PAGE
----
Tag Archives: GIMP

Blending Multiple Images and Creating Captions in Gimp

One of the funnest features of digital image editing is taking pieces of different images and blending them together in a single image, like putting a funny hat on your mom or putting your dog on a jet ski. Or even something serious, like improving a photo of a landscape by adding an element from a different photo. Today we are going to learn how to do this in GIMP, the excellent open source image editing program.

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GIMP resources to take you from newbie to power user

A couple of weeks ago we looked at the best Web-based resources for Inkscape users — documentation and tutorials, sites and forums to follow, plus how to find brushes, palettes, scripts and extensions. It only seems fair to do the same thing for the non-vector-artists out there as well. GIMP is every bit as powerful and multi-faceted as Inkscape, of course, and getting the most out of it involves many of the same questions.

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Quality Printing with GIMP

In spite of Silicon Valley’s best efforts, it is still not a paperless world. On a free software desktop, this is rarely a problem, because significant work has gone into making CUPS, Foomatic, and other parts of the printing tool chain work well and integrate seamlessly into the application suite — at least, for the typical “office” document. There are still a few things the average user can do to enhance the quality of prints from graphics applications like GIMP. Some are common to all raster image editors but which you might need a refresher course on, and some of which are more specialized. Given the price of high-quality inks and photo paper, though, a little preparation can save both time and money.

By Nathan Willis

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Fast labels and Card layout with Gimplabels (Open Source)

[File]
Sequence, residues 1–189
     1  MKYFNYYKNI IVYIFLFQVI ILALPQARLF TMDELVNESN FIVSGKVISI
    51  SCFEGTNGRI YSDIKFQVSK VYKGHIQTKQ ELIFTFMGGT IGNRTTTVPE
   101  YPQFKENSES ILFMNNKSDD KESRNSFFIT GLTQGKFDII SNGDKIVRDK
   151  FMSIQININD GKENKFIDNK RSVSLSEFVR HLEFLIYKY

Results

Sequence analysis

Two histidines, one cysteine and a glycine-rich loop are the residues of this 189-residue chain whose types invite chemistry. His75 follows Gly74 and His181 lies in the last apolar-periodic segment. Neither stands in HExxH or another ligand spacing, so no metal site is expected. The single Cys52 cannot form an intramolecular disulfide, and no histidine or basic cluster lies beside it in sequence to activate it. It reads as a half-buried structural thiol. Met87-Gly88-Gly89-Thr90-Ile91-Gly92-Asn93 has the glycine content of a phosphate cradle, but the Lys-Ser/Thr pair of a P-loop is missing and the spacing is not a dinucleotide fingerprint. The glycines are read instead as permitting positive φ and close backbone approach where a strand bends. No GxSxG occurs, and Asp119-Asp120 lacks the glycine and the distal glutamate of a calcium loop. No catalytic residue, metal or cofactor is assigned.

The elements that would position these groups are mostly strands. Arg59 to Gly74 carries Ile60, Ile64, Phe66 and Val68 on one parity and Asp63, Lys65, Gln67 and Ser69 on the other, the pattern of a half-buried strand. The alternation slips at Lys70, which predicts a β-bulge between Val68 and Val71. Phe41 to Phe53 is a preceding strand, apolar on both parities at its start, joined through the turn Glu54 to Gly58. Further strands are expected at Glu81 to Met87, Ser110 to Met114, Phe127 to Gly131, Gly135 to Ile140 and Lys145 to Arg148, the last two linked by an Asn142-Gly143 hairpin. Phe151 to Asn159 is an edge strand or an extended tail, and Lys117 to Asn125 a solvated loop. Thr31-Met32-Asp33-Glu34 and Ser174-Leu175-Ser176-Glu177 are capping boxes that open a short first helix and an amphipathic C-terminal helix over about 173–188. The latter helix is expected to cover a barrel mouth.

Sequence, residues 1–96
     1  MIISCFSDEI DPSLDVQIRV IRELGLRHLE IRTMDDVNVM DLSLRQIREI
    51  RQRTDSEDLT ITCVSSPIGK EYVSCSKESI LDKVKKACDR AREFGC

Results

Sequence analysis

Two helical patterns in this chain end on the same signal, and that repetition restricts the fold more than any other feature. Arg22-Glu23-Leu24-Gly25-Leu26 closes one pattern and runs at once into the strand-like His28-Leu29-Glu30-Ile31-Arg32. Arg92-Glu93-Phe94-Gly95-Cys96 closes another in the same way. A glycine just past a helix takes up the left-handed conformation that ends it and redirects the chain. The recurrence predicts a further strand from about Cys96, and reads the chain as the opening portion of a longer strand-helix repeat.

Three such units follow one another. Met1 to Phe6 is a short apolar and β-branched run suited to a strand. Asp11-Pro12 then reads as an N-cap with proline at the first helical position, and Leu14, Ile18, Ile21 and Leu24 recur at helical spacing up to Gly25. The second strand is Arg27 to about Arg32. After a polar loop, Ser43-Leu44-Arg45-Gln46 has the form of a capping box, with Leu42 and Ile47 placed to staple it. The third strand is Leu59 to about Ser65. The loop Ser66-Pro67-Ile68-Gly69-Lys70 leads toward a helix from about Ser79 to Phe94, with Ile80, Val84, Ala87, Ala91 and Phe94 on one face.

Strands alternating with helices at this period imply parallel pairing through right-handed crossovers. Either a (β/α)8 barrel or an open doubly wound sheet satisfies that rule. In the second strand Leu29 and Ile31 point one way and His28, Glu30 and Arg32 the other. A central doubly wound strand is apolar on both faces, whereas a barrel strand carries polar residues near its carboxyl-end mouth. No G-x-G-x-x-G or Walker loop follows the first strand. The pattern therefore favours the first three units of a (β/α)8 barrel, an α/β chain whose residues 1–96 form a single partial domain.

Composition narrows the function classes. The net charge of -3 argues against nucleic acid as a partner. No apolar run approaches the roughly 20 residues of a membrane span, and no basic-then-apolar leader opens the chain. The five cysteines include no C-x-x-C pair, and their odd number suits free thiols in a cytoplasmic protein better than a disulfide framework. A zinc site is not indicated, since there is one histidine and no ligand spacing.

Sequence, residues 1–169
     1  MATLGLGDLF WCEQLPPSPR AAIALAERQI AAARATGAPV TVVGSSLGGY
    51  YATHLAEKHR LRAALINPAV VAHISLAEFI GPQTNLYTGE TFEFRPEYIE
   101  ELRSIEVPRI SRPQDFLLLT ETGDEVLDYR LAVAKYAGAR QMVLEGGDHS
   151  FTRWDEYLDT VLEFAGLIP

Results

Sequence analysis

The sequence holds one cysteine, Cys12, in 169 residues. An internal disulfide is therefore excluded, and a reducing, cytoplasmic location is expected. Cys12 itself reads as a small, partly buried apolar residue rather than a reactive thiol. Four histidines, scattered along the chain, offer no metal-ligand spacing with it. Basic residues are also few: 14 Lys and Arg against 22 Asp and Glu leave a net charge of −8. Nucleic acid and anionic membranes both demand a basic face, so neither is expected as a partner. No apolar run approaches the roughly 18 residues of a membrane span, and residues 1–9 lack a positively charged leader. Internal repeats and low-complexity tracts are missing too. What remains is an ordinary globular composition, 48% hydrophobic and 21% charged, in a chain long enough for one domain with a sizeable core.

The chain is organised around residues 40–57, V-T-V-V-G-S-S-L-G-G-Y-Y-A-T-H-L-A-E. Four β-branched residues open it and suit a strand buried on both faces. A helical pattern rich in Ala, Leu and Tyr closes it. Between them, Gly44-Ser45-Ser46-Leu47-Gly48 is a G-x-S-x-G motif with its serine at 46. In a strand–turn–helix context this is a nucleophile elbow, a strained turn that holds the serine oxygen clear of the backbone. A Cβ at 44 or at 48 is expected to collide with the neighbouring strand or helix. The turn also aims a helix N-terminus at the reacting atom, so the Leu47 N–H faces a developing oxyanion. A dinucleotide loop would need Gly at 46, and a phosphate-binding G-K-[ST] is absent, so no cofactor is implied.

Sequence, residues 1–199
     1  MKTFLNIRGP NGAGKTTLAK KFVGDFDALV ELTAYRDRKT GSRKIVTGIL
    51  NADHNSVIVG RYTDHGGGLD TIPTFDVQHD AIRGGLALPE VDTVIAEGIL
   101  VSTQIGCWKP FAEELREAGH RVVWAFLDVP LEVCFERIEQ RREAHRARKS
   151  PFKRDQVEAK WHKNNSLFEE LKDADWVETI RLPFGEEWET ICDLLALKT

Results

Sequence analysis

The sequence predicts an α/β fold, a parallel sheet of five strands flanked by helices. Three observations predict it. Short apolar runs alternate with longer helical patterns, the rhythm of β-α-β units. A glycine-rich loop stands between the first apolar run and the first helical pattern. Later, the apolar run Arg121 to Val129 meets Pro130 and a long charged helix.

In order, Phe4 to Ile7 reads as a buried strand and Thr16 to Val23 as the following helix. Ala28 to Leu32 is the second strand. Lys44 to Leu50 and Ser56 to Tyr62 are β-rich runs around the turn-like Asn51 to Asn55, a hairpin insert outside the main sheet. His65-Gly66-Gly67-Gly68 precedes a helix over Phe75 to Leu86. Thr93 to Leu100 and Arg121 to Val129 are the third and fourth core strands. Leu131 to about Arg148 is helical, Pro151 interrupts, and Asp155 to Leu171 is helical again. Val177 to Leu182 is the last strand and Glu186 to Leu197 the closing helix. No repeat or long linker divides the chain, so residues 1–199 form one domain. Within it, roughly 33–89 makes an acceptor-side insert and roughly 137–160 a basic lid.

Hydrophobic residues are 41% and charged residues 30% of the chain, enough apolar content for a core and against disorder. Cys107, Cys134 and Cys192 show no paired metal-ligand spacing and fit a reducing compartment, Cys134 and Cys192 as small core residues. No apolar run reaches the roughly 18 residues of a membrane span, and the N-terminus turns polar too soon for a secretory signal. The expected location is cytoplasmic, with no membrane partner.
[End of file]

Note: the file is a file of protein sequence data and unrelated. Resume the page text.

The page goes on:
Akkana Peck’s Gimplabels is a set of scripts for the Gimp image editor that make creating labels and business cards a snap. A .tar package is available on the Web site, but the contents are simply a Gimp script named labels.scm and the utilities needed to rebuild labels.scm. Gimplabels was originally written for an older version of the Gimp, so if you are using the current revision (2.6) and it doesn’t work, try the rebuilding instructions inside the package. You should be able to install the script by copying it to the /scripts/ directory inside your Gimp configuration folder (i.e., /home/username/.gimp-2.6/).

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Free PhotoShop OpenSource Alternative: GIMP and its Derivatives

Web designers, photographers and graphic designers loving the Adobe Photoshop Product family – a collection of graphics editing programs developed by Adobe Systems to create and edit images – should have a look at its open source alternative, GIMP.

GIMP – GNU Image Manipulation Program – is the most well-known open source graphics editing application, born in 1995 as reported in the GNU free software directory, is a freely distributed program for tasks like photo retouching, image composition and authoring. Last but not least the so-called batch mode that allows you to do image processing from the command line.

GIMP is not only an expert quality photo retouching program, it is also a simple drawing program and an image format converter (it’s worth mentioning that it manages psd, Photoshop’s file format as well as scalable vector graphics (svg) file format).

GIMP is extensible, its functionalities can be augmented with plug-ins and there are extensions that allow you to configure GIMP to replace Photoshop to do just about anything.

If you really want a GIMP version as close as possible to Photoshop, I recommend that you also take a look at GimPhoto, a GIMP modification with a different menu layout, selection of plugins, and additional resources. GIMPhoto, used in combination with GimPad, formerly known as GimPhoto Desktop, gives its best, and you don’t need to spend time searching all over the internet to find plug-ins to extend GIMP capabilities.

GIMPshop also use GIMP as the backend, adding an extra interface to make its look&feel more like Photoshop. GIMPshop addresses some common criticisms regarding GIMP’s interface, modifying the menu structure to adjust the program’s terminology to match Photoshop.

GIMP comes with documentation for both users and programmers, including tutorials.

By Roberto Galoppini of Commercial Open Source Software

Free ‘Cool Tools’ for Designing Labels On Your PC

Want to choose just the right color for your labels? Design a logo on the fly? How about simply making the corners of your images round so they look great with round-edged labels? There’s no need to spend money and time on a complex graphic design program when there are so many free tools available to make label design a snap.

In this post, I’ll stick to the many cool tools to choose from if you’re using a Windows-compatible PC. Stay tuned for future posts about Mac and Linux-compatible tools.

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